Palmerston, who canvassed in Cambridge in early December, initially did ‘not feel much apprehension as to the result’, being ‘sure of a great many Protestants, from a coincidence of opinion on other questions, and of many Whigs, from an agreement on the Catholic question’: if, as seemed likely, there was no Whig candidate, he expected to ‘have all the Whig interest at Cambridge’. Pleased by his friendly reception, especially in St. John’s and Trinity, he noted that ‘Bankes has certainly lost ground very much’, that Copley, who had a reputation as a political turncoat, was ‘unpopular with the Whigs’ and that Goulburn was ‘not much talked of’. Nor could he envisage the two latter both going to the poll, as they were of the same ‘college, politics and Protestantism’. He assembled a ‘nominal’ committee ‘in order to have people engaged’, but deemed it ‘useless to go through all the manual exercise of a contest now’.42 His complacency did not last long, as he became aware of the fierceness of the Protestant attack on him and the hostility of some of his ministerial colleagues. He established active committees in Cambridge and London, chaired respectively by John Stevens Henslow, professor of Botany, and his brother-in-law Laurence Sulivan, a war office official. While he remained confident that he had a lead among the residents and that ‘with few exceptions all those whose support is worth having are with me’, he had ‘great apprehensions’ as to the result, for ‘the anti-Catholic fever is raging high amongst the country parsons’, and ‘if they come up in mass against me, their charge will be as formidable as that of the Black Hussars’.43 When Palmerston discovered that ‘a considerable amount’ of Copley’s canvassing letters had been franked from the foreign office, Canning, who remained benevolently neutral, managed to mollify him; but he became increasingly irritated by the attitude of some senior anti-Catholic members of the government, whose ‘active influence’ he believed was being exerted against him.44 He sought to flush out his chief suspects, Lord Eldon, the lord chancellor, and Lord Bathurst, the colonial secretary, whose first preferences he knew to be (for perfectly good reasons) Bankes and Goulburn respectively. Neither would promise him support and, while he did not pursue the matter with Eldon (to whom, he told Sulivan, he had written ‘as a bit of fun’), he sent an angry reply to Bathurst, complaining that he was ‘either unsupported or opposed by so many of the government to which I belong’.45 He was particularly aggrieved by Liverpool’s ‘shabby’ neutrality, believing that he should have prevented such an ‘unseemly contest’ and that their difference of opinion on the Catholic question should have made the premier ‘as a point of delicacy particularly anxious to prevent his Protestant office men from attacking his Catholic ones on that ground’. On 19 Jan. 1826 he wrote a long and indignant letter to Liverpool, alleging that in his case the principle of keeping the Catholic question open had been violated, in that two anti-Catholic colleagues had been allowed to attack him. He argued that even if it had been thought appropriate to sanction this intervention, he, as the official man in possession of the seat, had a ‘just and indispensable claim to the fullest and most effective support which the government as a body could give him’. As it was, he was ‘attacked by colleagues, unsupported by the head of the administration, and opposed by many of the anti-Catholic connections of the government’; and he had had ‘no resource but to make a strong and general appeal’ to all pro-Catholics, who of course included the government’s customary opponents. In reply Liverpool claimed to have made ‘an explicit declaration’ that he felt the sitting Members ‘ought not to be disturbed’, and that, in view of his family connection and close friendship with Goulburn, strict neutrality was all that could fairly be expected of him. He conceded that Palmerston was entitled to take ‘all fair and legitimate means’ to ensure his success.46 Palmerston, indeed, had been drawing heavily on Whig support almost from the outset. When Hobhouse promised him ‘a plumper for voting for Catholics’, provided no opposition candidate started, 24 Dec. 1825, Palmerston told him that ‘the resident Cambridge Whigs have promised to do the same’.47 Sedgwick, who considered Bankes to be ‘a fool’, Copley insincere, and Goulburn ‘the idol of the Saints’, warmly espoused Palmerston’s cause, as he told Hobhouse, 8 Jan. 1826:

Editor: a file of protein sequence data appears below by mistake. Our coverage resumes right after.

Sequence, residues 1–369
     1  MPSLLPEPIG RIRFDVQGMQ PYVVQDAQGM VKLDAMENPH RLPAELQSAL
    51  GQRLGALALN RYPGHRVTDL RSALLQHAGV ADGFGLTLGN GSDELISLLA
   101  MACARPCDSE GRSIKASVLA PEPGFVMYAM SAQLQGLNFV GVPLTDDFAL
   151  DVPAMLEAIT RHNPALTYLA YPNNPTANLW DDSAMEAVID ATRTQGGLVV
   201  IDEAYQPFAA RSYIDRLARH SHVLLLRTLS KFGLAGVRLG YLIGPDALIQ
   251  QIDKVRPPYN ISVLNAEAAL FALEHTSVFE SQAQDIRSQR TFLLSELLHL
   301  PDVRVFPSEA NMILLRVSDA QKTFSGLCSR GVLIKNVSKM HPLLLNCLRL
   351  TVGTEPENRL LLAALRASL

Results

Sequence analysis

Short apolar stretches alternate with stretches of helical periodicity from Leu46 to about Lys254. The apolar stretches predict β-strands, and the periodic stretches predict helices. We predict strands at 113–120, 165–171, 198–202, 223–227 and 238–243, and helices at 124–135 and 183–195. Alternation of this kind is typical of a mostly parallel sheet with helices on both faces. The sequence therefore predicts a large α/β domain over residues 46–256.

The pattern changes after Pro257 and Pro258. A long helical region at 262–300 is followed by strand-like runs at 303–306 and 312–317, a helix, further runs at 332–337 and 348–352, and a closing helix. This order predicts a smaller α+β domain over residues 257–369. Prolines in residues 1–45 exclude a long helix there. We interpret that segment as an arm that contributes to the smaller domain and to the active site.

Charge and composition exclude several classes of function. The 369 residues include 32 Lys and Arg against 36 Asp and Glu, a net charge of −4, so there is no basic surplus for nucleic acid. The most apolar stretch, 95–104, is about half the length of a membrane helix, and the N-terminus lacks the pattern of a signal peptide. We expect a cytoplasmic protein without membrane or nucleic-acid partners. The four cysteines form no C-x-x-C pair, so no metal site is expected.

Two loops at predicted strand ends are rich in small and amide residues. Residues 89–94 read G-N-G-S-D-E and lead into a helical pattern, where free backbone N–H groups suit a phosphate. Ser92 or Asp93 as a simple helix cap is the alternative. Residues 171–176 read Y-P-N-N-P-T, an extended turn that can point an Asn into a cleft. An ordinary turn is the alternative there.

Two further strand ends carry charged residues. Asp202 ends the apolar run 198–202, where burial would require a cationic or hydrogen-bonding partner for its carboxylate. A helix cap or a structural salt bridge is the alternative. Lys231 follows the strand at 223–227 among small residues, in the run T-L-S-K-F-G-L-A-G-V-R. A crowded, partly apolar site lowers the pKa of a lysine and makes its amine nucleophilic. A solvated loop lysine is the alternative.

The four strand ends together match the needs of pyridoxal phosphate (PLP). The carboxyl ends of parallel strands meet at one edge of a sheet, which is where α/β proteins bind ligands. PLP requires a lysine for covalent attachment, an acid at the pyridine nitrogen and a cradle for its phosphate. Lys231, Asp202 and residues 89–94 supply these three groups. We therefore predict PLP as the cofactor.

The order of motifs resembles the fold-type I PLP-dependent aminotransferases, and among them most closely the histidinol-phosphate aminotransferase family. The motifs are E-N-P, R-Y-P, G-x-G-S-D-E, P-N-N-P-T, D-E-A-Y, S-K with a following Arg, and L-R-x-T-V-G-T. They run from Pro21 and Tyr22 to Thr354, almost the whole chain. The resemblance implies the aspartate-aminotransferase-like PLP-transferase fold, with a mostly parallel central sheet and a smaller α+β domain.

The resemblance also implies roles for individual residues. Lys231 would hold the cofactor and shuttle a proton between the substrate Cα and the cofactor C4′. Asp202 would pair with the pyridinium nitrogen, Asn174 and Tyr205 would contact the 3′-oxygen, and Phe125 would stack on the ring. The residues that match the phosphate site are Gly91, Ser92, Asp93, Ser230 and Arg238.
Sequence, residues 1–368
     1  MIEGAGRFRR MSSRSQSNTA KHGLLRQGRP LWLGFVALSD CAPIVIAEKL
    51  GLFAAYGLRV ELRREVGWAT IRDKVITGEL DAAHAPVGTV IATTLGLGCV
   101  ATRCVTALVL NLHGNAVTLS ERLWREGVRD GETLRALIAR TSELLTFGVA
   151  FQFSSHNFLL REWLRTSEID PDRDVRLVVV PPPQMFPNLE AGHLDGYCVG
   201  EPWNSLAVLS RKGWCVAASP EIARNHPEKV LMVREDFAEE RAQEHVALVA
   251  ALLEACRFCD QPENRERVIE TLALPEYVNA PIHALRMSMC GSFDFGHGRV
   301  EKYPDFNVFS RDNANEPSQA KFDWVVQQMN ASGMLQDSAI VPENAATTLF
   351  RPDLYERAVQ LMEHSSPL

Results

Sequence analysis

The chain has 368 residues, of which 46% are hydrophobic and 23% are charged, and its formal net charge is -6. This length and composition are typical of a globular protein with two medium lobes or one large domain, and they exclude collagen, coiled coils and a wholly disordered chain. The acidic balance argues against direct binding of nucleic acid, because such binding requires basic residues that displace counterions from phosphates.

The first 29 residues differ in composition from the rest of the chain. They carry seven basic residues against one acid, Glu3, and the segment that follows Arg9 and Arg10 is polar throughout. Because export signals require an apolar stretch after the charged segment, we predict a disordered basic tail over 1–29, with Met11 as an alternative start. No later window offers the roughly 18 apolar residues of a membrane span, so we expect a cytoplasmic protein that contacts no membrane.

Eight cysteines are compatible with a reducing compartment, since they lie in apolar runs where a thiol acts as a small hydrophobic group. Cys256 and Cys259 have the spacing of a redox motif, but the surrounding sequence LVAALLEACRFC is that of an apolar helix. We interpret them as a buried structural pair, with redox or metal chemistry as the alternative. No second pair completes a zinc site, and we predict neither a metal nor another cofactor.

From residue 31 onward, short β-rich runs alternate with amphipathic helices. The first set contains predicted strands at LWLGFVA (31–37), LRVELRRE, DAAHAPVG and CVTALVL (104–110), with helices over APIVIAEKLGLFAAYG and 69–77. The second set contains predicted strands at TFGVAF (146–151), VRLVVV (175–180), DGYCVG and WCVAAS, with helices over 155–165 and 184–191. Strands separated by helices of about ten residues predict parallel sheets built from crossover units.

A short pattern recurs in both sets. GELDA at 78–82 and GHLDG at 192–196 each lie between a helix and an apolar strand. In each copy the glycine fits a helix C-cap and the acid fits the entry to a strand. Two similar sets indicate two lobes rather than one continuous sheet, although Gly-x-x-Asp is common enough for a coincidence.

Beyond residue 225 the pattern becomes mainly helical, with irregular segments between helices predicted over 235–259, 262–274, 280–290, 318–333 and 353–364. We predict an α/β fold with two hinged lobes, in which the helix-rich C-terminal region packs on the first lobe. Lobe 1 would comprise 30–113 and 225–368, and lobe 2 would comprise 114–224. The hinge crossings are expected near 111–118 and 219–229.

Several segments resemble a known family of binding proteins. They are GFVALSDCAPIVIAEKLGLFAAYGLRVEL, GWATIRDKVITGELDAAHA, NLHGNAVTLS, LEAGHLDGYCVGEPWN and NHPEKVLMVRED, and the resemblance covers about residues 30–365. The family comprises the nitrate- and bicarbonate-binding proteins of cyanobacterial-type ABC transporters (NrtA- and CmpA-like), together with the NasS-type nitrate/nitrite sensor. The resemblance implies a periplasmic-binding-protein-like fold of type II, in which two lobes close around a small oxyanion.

I am hardly yet reconciled to my position as a committee man in the interests of a Tory and a king’s minister. But these are evil days, in which we do not fight so much for honour as contend against disgrace ... Many of the liberal party appear to take little interest in the contest, partly because they cannot have a candidate exactly after their own hearts, and partly under a mistaken notion that Lord Palmerston’s seat is quite safe. Now I wish to observe in the first place that although Lord Palmerston’s chance is good yet his seat is by no means secure without the greatest exertions of those who support him. In the next place, if he go out it will be entirely in consequence of his vote on the Catholic question. A defeat will be a complete triumph for the No Popery faction: it will consolidate their interests, and the pride of it will ring through every corner of the kingdom. If the Catholic question be an important question, it is important for us to defeat the country parsons and the bigots who at this moment are dishonouring the land we live in.